Processes with streams comprised of gases, liquids, powders, slurries and melts tend to exhibit changing (or nonlinear) process behavior as operating level changes.

We discussed the nonlinear nature of the gravity drained tanks and heat exchanger processes in an earlier post. As we observed in that article and explore below, processes that are nonlinear with operating level will experience a degrading controller performance whenever the measured process variable (PV) moves away from the design level of operation (DLO).

We demonstrate this problem on the heat exchanger running with a PI controller tuned for a moderate response. As shown in the first set point step from 140 °C to 155 °C in the plot below (click for large view), the PV responds in a manner consistent with our design goals. That is, the PV moves to the new set point (SP) in a deliberate fashion, but does not move so fast as to overshoot the set point.

The consequence of a nonlinear process behavior is apparent as the set point steps continue to higher temperatures. In the third SP step from 170 °C to 185 °C, the same PI controller that had given a desired moderate performance now produces an active PV response with a clear overshoot and slowly damping oscillations.

If we decide that such a change in performance with operating level is not acceptable, then parameter scheduled adaptive control may be an appropriate solution.

Developing an adaptive control strategy requires additional bump tests that may disrupt production. Once sufficient process data is collected, adaptive controller design and implementation consumes more personnel time. Before we start the project, we should be sure that the loop has sufficient impact on our profitability to justify the effort and expense.

**Parameter Scheduled Adaptive Control
**The method of approach for parameter scheduled adaptive control is to:

a) | Divide the total range of operation into some number of discrete increments or operating ranges. |

b) | Select a controller algorithm (P-Only, PI, PID or PID with CO Filter) for the application. |

c) | Specify loop sample time, action of the controller (reverse or direct acting), and other design values that will remain constant in spite of nonlinear behavior. |

d) | Apply our controller tuning recipe and compute tuning values for our selected controller at each of the operating increments as chosen in step a). |

We require a computer based control system (a DCS or advanced PLC) to implement the adaptive logic. This is because the tuning values must be programmed as a look-up table (or schedule) where the measured PV indicates the current level of operation, and as such, “points” to appropriate controller tuning values in the table at any moment in time.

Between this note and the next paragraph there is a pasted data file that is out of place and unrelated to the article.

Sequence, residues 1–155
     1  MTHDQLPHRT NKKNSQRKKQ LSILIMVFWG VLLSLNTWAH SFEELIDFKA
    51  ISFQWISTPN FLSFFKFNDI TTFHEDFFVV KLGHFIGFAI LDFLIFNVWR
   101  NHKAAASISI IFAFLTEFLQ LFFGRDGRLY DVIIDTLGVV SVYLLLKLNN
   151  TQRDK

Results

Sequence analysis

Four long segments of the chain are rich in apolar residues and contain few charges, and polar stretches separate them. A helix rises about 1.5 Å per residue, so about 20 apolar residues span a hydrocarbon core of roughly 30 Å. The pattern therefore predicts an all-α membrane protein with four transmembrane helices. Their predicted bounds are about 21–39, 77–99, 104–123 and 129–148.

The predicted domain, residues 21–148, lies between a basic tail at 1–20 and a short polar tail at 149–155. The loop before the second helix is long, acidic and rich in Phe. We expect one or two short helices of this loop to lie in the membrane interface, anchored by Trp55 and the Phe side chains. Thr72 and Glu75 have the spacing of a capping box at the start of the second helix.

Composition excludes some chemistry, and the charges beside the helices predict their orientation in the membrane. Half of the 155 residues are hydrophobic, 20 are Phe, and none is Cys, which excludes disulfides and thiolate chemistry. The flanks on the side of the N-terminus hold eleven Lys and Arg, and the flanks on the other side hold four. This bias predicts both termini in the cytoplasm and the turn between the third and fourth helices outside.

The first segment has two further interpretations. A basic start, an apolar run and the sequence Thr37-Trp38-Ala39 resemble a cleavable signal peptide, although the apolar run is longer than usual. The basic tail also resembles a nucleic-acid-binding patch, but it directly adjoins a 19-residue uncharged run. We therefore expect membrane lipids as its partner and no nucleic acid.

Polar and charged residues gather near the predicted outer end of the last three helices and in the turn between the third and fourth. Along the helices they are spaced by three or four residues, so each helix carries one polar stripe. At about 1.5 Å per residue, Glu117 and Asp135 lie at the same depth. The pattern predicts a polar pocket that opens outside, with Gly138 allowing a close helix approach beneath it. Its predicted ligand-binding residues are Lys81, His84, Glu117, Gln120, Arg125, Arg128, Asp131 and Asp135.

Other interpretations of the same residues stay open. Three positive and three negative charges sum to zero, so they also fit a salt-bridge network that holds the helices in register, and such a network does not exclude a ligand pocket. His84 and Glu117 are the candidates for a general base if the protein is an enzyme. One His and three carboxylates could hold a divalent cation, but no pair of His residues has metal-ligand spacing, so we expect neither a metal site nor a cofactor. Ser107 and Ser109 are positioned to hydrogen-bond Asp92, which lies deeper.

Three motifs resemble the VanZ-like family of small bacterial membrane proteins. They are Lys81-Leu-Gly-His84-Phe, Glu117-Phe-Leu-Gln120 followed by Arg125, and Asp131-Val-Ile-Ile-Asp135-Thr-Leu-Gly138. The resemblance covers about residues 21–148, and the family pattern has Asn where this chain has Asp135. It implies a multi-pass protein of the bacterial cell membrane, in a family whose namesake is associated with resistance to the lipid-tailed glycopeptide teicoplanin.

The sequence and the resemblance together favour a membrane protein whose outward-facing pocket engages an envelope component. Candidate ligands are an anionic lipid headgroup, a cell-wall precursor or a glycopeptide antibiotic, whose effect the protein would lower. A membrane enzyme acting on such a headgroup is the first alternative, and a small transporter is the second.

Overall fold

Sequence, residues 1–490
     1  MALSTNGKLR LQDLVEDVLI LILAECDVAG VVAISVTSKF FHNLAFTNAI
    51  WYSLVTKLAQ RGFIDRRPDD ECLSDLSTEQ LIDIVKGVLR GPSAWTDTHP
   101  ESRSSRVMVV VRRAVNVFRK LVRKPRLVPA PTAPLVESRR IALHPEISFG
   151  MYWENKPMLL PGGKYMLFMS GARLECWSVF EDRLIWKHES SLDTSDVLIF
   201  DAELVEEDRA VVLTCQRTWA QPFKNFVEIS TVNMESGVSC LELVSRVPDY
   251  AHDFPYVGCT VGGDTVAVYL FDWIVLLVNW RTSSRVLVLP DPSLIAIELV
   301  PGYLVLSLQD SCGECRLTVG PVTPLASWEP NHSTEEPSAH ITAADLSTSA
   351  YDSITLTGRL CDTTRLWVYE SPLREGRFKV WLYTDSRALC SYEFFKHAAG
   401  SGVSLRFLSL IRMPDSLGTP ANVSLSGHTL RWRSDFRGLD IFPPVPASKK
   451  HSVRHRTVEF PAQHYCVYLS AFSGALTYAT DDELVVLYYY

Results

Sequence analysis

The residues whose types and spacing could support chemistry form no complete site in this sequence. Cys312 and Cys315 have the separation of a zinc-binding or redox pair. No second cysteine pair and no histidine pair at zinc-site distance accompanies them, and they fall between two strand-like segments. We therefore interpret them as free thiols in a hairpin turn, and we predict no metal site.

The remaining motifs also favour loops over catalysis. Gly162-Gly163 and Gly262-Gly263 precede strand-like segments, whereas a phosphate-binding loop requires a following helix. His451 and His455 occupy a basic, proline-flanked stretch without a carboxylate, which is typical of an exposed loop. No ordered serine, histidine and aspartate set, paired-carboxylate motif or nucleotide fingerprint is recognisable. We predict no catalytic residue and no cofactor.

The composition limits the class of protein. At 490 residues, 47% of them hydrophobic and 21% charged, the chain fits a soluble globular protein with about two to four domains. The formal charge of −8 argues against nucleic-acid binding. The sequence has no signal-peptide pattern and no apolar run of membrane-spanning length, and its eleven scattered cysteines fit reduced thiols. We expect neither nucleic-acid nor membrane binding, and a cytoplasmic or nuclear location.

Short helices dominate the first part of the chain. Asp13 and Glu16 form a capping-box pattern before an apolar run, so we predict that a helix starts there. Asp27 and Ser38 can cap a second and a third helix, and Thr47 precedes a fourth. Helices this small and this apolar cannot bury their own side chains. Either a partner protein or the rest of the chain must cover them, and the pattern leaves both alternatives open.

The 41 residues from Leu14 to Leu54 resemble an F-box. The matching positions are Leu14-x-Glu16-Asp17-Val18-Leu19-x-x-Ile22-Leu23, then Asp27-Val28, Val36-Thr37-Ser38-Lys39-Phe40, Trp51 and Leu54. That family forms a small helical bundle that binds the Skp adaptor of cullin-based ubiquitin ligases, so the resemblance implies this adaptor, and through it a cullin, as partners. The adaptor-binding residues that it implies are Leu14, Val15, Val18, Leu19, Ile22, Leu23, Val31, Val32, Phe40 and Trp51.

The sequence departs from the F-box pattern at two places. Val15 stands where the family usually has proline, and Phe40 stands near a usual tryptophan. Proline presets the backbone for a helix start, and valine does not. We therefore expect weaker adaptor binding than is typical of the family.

Once online, the computer reads a set of tuning values from the table as indicated by the current value of the PV. These are downloaded into the controller algorithm, which then proceeds to calculate the next controller output (CO) value.

Tuning updates are downloaded into the controller every loop sample time, T. As a result, the controller continually adapts as the operating level changes to maintain a reasonably consistent control performance across a range of nonlinear behavior.

Notes:1) The set point (SP) is not appropriate to use as the operating level “pointer” because it indicates where we hope the PV will be, not necessarily where it actually is. The CO value can change both as operating level changes and as the controller works to reject disturbances. Since it reflects both disturbance load and operating level, the correspondence between current CO and current operating level is inconsistent. Current PV offers the most reliable indicator of expected process behavior.2) “Gain scheduling” is a simplified variation of parameter scheduling, where, rather than updating all tuning values as operating level changes, only the controller gain is updated. All other tuning values remain constant with a pure gain scheduling approach. This simplification increases the chance that important process behaviors (such as a changing dead time, Өp) will be overlooked, thus decreasing the potential benefit of the adaptive strategy. With modern computing capability now widely available, we see no benefit from a “gain only” simplification unless it is the only choice offered by our vendor. |

**Interpolation Saves Time and Money
**Ultimately, it is impractical to divide our range of operation into many increments and then tune a controller at each level. Such an approach requires that we bump the process at least once in each operating increment. As we had alluded to in previous discussion, this can cause significant disruption to the production schedule, increase waste generation, use expensive materials and utilities, consume precious personnel time, and everything else that makes any loop tuning project difficult to sell in a production environment.

Thus, a popular variation on parameter scheduling, and the one explored in the case study below, is to design and tune only three controllers that span the range of expected operation. We then interpolate (fit a line) between the tuning values so we can update (or adapt) our controller to match any operating level at any time.

Normally, one controller is tuned to operate near the lower set point value we expect to encounter, while another is tuned for the expected high SP value. The third controller is then tuned for a strategically located mid range operation to give an appropriate shape to our interpolation curve. Our goal in choosing where to locate this midpoint is to reasonably approximate the complex nonlinear behavior of our process while keeping disruptive testing to a minimum. More discussion follows in the case study.